- There are no difference in the interpretation of the Bible for catholic, Orthodox and
Protestant churches.
- the Bible offers Christians support and guidance, including guidelines for moral behavior. It
is used for reading, reflection , prayer and retreat.

Ethical teachings
- The core Christian ethical teachings are the Ten Commandments or Decalogue , beatitudes
and Jesus commandments
- They are also based on the law of love and compassion, on the nature of the Final Judgment
as well as the gospel call to repentance forgiveness and the urgent demands of Gods reign.
- Christian ethics raises questions for believers: What is good life? How to distinguish
between good and evil? How does Jesus challenge me?.
- Historically there have been quite different approaches to ethics by Catholics and
Protestants. For Catholics there was eternal law- God directed all nature to its proper goaland this law could be known in two ways. It could be known by human reasons, natural law,
and by Gods revelation through Scriptures and Tradition Church teaching.
- Because the Protestant reformers generally based there ethics on the bible there was never
the same certainty and confidence in protestants ethics as there had been in Catholic ethics.
- Christians these day tend to exercise their conscience when making there decisions in
ethical issues.
Significant Practice
- Christian worship involves praising God in music and speech, readings from scripture and
prayers of various sorts, also holy ceremonies.

- Christians liturgy or worship is a key reference point for prayer, reflecting the life, death and
resurrection of Christ for believers.
- Christian worship grew out of Jewish worship and the first obvious divergence was making
Sunday the Holy day instead of Saturday. By doing this the day of Christian worship is the
same as the day Jesus rose from the dead.
- Church services on a Sunday divide into two general types: Eucharist, services focused on
the act of the Holy Communion and services of the word. Both types of service include
hymns, readings and prayers.
-Reformed churches stress the preaching of the word in their practices, while Orthodox and
Roman Catholic Churches stress symbolic actions and rites. Icons are particular important in
Orthodox and Eastern liturgical practices.
- Prayer was central to the life of Jesus and many Christian prayer forms have their earliest
roots in Judaism.
- Forms of Christian personal devotion include vocal, mental and contemplative prayer as
well as practices.
- The rites Baptism and marriage and the other sacraments are also significant practices in the
tradition and find their inspiration in Jesus preaching and in the sacred rituals of the early
church.
Judaism
Origins and variants
- Judaism as a historical religion has its origins in the clan of Abraham and Sarah which
wandered from ancient Egypt.
- God revealed to Abraham that Israel was Gods chosen people. Gods call of Abraham and
Israel was shown in the Exodus and in the giving of the Torah or Ten Commandments to
Moses.
- There are four major groups or variants within Judaism:
- Orthodox
- Ultra Orthodox
- Progressive
- Conservative
- Reconstructive
- The two main variants in Australia are modern Orthadox and Progressive.
- In traditional terms a person is considered a Jew if there Mother is a Jew.
Principal Beliefs
-Rabbinic Judaism is the religion of the Jewish people in the period following the destruction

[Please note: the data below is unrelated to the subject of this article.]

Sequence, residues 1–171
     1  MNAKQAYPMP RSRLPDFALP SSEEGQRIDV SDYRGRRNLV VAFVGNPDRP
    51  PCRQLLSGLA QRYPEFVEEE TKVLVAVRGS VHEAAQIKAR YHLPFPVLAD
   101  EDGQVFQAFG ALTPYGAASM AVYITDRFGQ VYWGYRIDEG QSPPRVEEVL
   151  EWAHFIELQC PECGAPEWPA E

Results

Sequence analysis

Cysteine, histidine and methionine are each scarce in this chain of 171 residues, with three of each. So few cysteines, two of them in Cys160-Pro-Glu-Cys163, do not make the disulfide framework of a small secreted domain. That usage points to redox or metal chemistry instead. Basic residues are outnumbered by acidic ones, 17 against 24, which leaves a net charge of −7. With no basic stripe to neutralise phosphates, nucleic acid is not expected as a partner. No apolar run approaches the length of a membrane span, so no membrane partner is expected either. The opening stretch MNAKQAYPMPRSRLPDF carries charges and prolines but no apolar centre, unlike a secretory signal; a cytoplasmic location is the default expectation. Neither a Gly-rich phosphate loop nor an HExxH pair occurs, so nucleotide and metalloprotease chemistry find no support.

of the second temple in 70ce. This is distinct from Jewish religion of the biblical times, which
focused on temple worship.
- Shifted from Temple cult to home and synagogue worship.
- The central concepts of Jewish belief are covenant and blessing, flowing from he great
Exodus or liberation of the Israelites from slavery in Egypt.
- Today, as in the past, Jewish beliefs find expression Authority of the Rabbi as a teacher of
the Torah, and through the religious practices of the faithful Jew who fulfils the mitzvoth.
Sacred writings and texts
- The most important collection of sacred texts is the Torah or first five books of the Hebrew
Bible. The first five books are also referred to as the Pentateuch. There is also the Mishnah

this is a broader version of the Torah.


- The general term Tenach is used to refer to the whole of the Hebrew Scriptures. - Talmud- Is
a Collection of commentaries on biblical texts that form, with the HYPERLINK
"http://dictionary.reference.com/browse/Torah" Torah, the foundation for the religious laws of
HYPERLINK "http://dictionary.reference.com/browse/Judaism" Judaism.
- The Talmud is the most authoritative work of the Oral Torah.
- Part of Jewish sacred writings is also Midrash, a collection of traditional Jewish
interpretations of the books of the bible, in the form of homilies.
Ethical Teachings
- Significant ethical teachings include the Decalogue or Ten Commandments and the Shema.
- The ethical principles of Judaism are lived through the commandments and the shema.
- The ethical principals of Judaism are lived through the commandments of the torah, the rule
of life; and include the obligation to do deeds of loving kindness.
- Alms giving are considered to be equal to all commandments of the torah.
- Of particular importance is the Halachah, the Jewish legal tradition grounded in the 613
mitzvoth of the Torah which seeks to guide Jews in right relationships with God and all
people.
- The torah prohibits graven images. It has been argued in modern Judaism that moral human
beings are the only human beings are the only image of God that is appropriate. The religious
ethic that emerges from such a view is that humans are the nearest thing to being divine. As
others should always be treated with respect and generosity and one should always act with
humility. In order to love to love ones neighbor, as the torah teaches, one must know the
others pain.
- Moses penned the most famous summary of Jewish Belief the thirteen articles of faith.
This combined with the torah and mitzvoth contain important teachings on covenant, prayer,